At Large

If Wishes Were Horses

By Published On: March 27th, 2024

If it had happened once, it likely would have simply been an anomaly – an odd moment in the universe when reasoning got temporarily suspended. It was, however, the third time in less than two weeks that a similar moment had presented itself.

“That’ll be six dollars.”  

The total of two “senior citizen” admissions to the local high school basketball game would be six dollars. We handed over a ten and a one, hoping for a five dollar bill in return rather than depleting what appeared to be a limited number of one dollar bills in the cash drawer on the table.

The world stopped, caught in a moment of suspended animation that froze the cashier, leaving them breathless. The companion at the entrance table was able to tear off two red paper tickets and hand them across with a pleasant “Enjoy the game,” but the person holding the eleven dollars could not move.

“That should be five dollars back,” we offered, trying to break the spell. “A five-dollar bill.”

They were not breathing. We were suddenly fearful that the heart had stopped and the relatively benign Friday night entertainment experience was about to be marred by sirens and flashing red lights as the local EMT crew appeared to try and resuscitate the cashier.

Fortunately for all concerned, the ticket tearer reached in, took the proffered eleven dollars, placed the two bills in the appropriate bins, withdrew a five-dollar bill, and handed it over. With polite thanks we retreated into the gym to find seats and wonder, out loud we admit, “How can you be in high school and not know how to make change?”

In the world of fully automated cash registers and sales that are rarely conducted in cash, the need to be able to subtract 6 from 11 in one’s head seems to have become a lost art. Granted, many of us were not able to breeze through long division, and with humble honesty, algebra was like a foreign language when we tip-toed through high school back in the day. But 11 minus 6?

The daily laugh

My dear friend Nat offers up a daily dose of humor that gives a momentary assist in the otherwise challenging hours of the day. Although an excellent writer, he does not need to draw on his comedic skills. He merely sends along photos of signs and newspaper clippings that announce just how far we’ve come as a literate society.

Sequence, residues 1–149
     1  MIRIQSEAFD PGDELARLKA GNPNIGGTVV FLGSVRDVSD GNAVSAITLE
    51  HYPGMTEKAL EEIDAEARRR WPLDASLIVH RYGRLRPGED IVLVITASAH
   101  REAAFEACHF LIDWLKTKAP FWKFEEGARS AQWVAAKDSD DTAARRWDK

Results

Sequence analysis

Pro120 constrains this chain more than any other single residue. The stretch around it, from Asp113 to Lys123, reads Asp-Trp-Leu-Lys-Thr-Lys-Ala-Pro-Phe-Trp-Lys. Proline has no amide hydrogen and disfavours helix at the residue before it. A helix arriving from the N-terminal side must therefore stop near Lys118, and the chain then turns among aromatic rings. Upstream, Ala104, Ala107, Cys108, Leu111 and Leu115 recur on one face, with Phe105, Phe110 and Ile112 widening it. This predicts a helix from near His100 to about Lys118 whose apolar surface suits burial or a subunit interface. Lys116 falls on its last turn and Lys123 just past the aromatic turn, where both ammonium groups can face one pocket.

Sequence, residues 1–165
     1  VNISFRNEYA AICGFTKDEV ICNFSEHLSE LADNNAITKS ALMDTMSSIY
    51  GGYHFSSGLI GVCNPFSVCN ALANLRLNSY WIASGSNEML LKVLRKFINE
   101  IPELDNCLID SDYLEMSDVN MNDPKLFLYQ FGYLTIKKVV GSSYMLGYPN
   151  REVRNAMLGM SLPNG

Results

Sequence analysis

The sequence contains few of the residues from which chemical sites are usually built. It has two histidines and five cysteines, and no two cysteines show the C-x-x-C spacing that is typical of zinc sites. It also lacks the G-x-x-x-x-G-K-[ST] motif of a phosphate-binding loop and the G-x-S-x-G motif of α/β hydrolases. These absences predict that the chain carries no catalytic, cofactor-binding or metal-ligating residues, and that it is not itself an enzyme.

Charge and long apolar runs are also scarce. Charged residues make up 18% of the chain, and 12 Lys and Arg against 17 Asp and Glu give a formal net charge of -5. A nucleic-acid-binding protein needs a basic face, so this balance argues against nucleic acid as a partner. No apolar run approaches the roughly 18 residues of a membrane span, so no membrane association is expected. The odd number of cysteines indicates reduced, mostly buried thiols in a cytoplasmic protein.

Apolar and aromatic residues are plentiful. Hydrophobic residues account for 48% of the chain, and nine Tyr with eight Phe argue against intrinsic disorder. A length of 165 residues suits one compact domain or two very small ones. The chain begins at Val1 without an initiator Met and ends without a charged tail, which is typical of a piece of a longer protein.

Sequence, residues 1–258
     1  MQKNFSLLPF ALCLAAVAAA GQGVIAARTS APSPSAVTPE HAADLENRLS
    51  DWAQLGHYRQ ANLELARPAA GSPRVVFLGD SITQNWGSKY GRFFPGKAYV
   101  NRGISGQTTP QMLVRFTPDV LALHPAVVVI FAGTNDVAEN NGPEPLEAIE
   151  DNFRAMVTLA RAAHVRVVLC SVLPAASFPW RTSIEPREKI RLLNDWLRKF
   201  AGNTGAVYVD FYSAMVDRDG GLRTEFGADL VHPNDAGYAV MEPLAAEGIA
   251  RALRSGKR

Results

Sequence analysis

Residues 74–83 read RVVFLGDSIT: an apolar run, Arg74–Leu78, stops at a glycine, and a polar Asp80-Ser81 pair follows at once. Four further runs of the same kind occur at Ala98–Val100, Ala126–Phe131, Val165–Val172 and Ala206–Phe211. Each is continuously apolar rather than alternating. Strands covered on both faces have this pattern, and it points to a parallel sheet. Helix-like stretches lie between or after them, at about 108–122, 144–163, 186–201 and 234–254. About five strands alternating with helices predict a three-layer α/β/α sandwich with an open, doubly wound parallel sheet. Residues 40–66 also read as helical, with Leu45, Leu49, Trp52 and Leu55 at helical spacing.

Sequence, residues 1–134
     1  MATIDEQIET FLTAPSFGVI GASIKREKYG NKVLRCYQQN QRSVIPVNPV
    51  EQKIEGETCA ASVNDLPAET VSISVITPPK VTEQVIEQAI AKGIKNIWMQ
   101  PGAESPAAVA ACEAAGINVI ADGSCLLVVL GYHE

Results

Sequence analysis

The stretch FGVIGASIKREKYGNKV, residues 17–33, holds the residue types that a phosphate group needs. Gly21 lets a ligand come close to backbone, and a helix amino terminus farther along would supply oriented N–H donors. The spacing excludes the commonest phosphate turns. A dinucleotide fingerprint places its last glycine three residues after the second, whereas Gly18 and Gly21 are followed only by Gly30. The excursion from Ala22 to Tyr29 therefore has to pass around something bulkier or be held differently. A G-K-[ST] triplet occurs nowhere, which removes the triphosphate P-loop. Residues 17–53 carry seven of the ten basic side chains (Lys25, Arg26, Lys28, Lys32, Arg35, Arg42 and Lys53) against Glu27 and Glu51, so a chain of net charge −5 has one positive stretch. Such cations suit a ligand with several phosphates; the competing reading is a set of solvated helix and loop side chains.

“Weather forces Holmes County Spelling Bee to be moved to Tursday” (Wooster Daily Record). “Yellow Bananas, Boneless $0.59” “Permissions $1.39 each” (produce signs in grocery stores). “Due to unforeseen circumcisions the dining room will be closed tonight” (sign on a restaurant door).

It usually takes a few moments to stop laughing, only to be followed by the bewildering feeling of wondering what has happened to basic intelligence in our world. How have we failed? Why can’t we do a better job of educating the next generations? Is ours the last generation that can add, subtract, spell, and reason?

Reality check

Will the world be a worse place because someone can’t do simple arithmetic or spell persimmons or circumstances? Of course not. But will our once-vaunted society begin to fray at the edges as ignorance is deemed satisfactory and bad behavior is applauded? Taunting, name calling, shaming, and marginalizing certainly seem to be the “coin of the realm” in politics and commentary. We seem to have stepped on the (boneless) banana peel of reason and are in mid-air, anticipating a less-than-graceful arrival on the pavement.

Wishing things were different will not make them so. My grandfather, a classically educated, frankly brilliant mind, would likely have been a winning contestant on Jeopardy. He seemed to remember everything, including aphorisms that were an odd product of the mind of a multiple linguist with a Columbia PhD. “If wishes were horses, then beggars would ride” he reminded me on several occasions. He also affirmed that, “You can’t tell the depth of the well by the length of the handle on the pump.”

Allowing the lessons of the past to wash over the experiences of the present, it may be time to be a bit less judgmental and a touch more concerned that when given the opportunity to build and encourage in our interactions with strangers, we do so. Even a moment so fleeting as the exchange of a few dollars at the entrance of a high school gymnasium can be viewed with sensitivity and as an opportunity not to pull one more thread from the fraying society.  

A profound Chinese proverb seems to sum it up quite nicely: “The flapping of the wings of a butterfly can be felt on the other side of the world.”

And, if we can be so bold, adding a smile to the transaction might be a good idea, as well. •